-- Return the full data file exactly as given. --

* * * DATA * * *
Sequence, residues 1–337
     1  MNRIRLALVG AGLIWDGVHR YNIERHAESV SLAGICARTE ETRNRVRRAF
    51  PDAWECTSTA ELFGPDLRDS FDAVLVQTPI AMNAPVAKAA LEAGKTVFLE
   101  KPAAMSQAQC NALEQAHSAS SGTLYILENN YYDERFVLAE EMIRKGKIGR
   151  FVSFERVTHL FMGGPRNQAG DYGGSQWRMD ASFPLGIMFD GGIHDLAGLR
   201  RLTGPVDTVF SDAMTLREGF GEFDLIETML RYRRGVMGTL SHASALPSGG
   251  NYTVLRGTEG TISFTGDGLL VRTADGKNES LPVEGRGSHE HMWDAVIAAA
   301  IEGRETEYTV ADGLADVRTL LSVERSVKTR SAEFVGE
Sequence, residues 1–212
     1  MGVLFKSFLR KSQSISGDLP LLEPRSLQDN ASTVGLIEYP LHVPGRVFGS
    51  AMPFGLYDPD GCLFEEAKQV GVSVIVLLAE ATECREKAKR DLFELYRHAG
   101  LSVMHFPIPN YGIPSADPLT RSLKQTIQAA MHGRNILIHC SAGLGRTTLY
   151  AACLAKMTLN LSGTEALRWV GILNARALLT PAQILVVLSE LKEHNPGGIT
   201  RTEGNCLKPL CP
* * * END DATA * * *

Sequence, residues 1–337
     1  MNRIRLALVG AGLIWDGVHR YNIERHAESV SLAGICARTE ETRNRVRRAF
    51  PDAWECTSTA ELFGPDLRDS FDAVLVQTPI AMNAPVAKAA LEAGKTVFLE
   101  KPAAMSQAQC NALEQAHSAS SGTLYILENN YYDERFVLAE EMIRKGKIGR
   151  FVSFERVTHL FMGGPRNQAG DYGGSQWRMD ASFPLGIMFD GGIHDLAGLR
   201  RLTGPVDTVF SDAMTLREGF GEFDLIETML RYRRGVMGTL SHASALPSGG
   251  NYTVLRGTEG TISFTGDGLL VRTADGKNES LPVEGRGSHE HMWDAVIAAA
   301  IEGRETEYTV ADGLADVRTL LSVERSVKTR SAEFVGE
Sequence, residues 1–212
     1  MGVLFKSFLR KSQSISGDLP LLEPRSLQDN ASTVGLIEYP LHVPGRVFGS
    51  AMPFGLYDPD GCLFEEAKQV GVSVIVLLAE ATECREKAKR DLFELYRHAG
   101  LSVMHFPIPN YGIPSADPLT RSLKQTIQAA MHGRNILIHC SAGLGRTTLY
   151  AACLAKMTLN LSGTEALRWV GILNARALLT PAQILVVLSE LKEHNPGGIT
   201  RTEGNCLKPL CP